The Vale of Rest, a painting by John Everett Millais, 1858-59
No quality in art and fiction writing is more elusive and perplexing than sincerity.
No cemetery is quieter than one where nuns lie buried.
No school memories are richer or more compelling than those the Sisters left for us.
Insincerity ought to be easy to detect, there being so much of it close at hand in the form of self-deception and self-promotion. It is not easy, though. I first saw its ghostly presence years ago under the watchful eyes of Sister Almeda, SSND. I hear her saying, “Don’t rationalize, James. Don’t make things up!” It was not the first time she said it to me and to others. She would have embroidered those words on a school patrol flag lowered down over a street named Self-serving Excuses.
This is tough love, Sister Almeda, especially for school children and writers and readers of fiction. After all, what do kids and novelists do but make things up? What do readers want these days but pleasure and escape?
It is almost too easy for a novelist to deceive. When confronted with a few doozies, Dan Brown reminded his critics again and again that The Da Vinci Code was fiction. No matter that readers by the thousands went to Paris and London expecting to see what he saw. More than a few must have scratched their heads as they searched for that huge Opus Dei complex under construction in New York City. For Dan Brown, fact and fiction are as enigmatic as Mona Lisa’s smile.
Sister Almeda would have shaken a finger in his face.
If truth and honesty are not ever-present in fiction, if all that matters is making things up for the sake of selling books, what is wrong with an entire story being a pack of lies? Brown is a talented writer and an accomplished storyteller. His novel is far from a pack of lies, but honesty is especially called for when stories are wrapped in appearances of competent scholarship blurring the line between fact and fiction. (See The Da Vinci Hoax, Ignatius Press 2004).
The Da Vinci Code, Fifty Shades of Grey, and other ‘blockbuster’ novels often hyped as mesmerizing are just that, the works of modern day Svengalis. Anyone reading George Bousant du Maurier’s Trilby, a nineteenth-century best seller, will know that du Maurier’s Svengali employed a mixture of science, superstition, gullibility, and guile to mesmerize his victim. Svengali was anything but sincere. Brown and E. L. James are not evil geniuses, but they know how to cast spells, and they both strike me as disingenuous.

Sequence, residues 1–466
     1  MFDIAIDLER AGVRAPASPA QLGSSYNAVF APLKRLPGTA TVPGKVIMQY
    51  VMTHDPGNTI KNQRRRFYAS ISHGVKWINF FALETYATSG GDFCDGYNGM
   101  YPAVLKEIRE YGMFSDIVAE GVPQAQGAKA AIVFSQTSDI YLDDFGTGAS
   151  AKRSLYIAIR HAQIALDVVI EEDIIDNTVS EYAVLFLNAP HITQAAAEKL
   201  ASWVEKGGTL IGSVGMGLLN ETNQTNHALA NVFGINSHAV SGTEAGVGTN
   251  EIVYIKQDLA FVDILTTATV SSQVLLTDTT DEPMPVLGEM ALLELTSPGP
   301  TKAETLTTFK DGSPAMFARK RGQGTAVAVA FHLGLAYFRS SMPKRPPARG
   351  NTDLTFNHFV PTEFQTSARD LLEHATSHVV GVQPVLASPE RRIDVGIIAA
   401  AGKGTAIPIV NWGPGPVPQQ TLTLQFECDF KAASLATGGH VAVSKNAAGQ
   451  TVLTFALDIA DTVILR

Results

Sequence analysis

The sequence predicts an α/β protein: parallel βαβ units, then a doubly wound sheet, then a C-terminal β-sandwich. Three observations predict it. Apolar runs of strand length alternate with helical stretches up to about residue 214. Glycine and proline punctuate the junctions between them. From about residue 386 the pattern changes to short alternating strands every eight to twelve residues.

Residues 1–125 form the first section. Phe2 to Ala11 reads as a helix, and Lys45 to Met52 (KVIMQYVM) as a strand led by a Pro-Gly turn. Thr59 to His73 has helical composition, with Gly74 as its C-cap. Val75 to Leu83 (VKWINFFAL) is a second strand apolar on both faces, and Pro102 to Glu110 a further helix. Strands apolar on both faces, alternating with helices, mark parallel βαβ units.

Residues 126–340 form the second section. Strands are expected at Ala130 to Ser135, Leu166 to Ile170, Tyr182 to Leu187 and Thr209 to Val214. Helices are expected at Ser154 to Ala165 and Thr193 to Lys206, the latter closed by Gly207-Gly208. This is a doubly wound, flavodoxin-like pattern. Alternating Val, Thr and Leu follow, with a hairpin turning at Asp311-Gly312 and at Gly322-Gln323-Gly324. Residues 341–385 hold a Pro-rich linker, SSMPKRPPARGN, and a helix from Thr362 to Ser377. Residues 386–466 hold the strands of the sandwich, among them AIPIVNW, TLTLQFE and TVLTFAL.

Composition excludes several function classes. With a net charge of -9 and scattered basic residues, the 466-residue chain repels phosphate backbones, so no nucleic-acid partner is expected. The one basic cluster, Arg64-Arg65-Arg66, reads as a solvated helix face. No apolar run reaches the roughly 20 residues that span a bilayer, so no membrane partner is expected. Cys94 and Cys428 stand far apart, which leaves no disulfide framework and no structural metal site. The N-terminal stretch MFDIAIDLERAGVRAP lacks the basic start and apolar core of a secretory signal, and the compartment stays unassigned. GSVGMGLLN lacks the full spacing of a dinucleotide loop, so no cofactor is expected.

I suppose there are many ways to distinguish sincerely written novels from those playing tricks on the reader. Certainly the latter seem more at home in the flotsam and jetsam of screaming hype—Mesmerizing! Riveting! Sexy! Five Star! Some so touted seem fit for pitching by the carnival barker on an old-fashioned midway, the sort our parents cautioned us to avoid. Imagine that.
Which novels give us hope and while entertaining, also uplift and inspire? Which ones would you feel comfortable reading near the grave of Sister Almeda or maybe the grave of your mother?
To judge from the most hyped ones, apparently it is good to be thrown into a hypnotic trance by something that can be read or watched without thinking. This from a Fifty Shades promo:
Erotic, amusing, and deeply moving, the Fifty Shades Trilogy is a tale that will obsess you, possess you, and stay with you forever.
Apparently, it’s okay to forget what you saw and where you were when you snapped out of it, except you feel vaguely ashamed and worried that you might have made a fool of yourself while you were under a spell and out like a light, or that you might have sold piecemeal a bit of your soul for something less than twenty pieces of silver.
As school kids called to account after a playground dustup, we attempted our own versions of self-serving and diverting blockbusters. Sister Almeda would have accused us of mesmerizing razzmatazz, the noisy distraction concocted to deflect criticism and justify bad conduct. In the world we students shared with her, every report card gave us a grade for conduct. Also imagine that.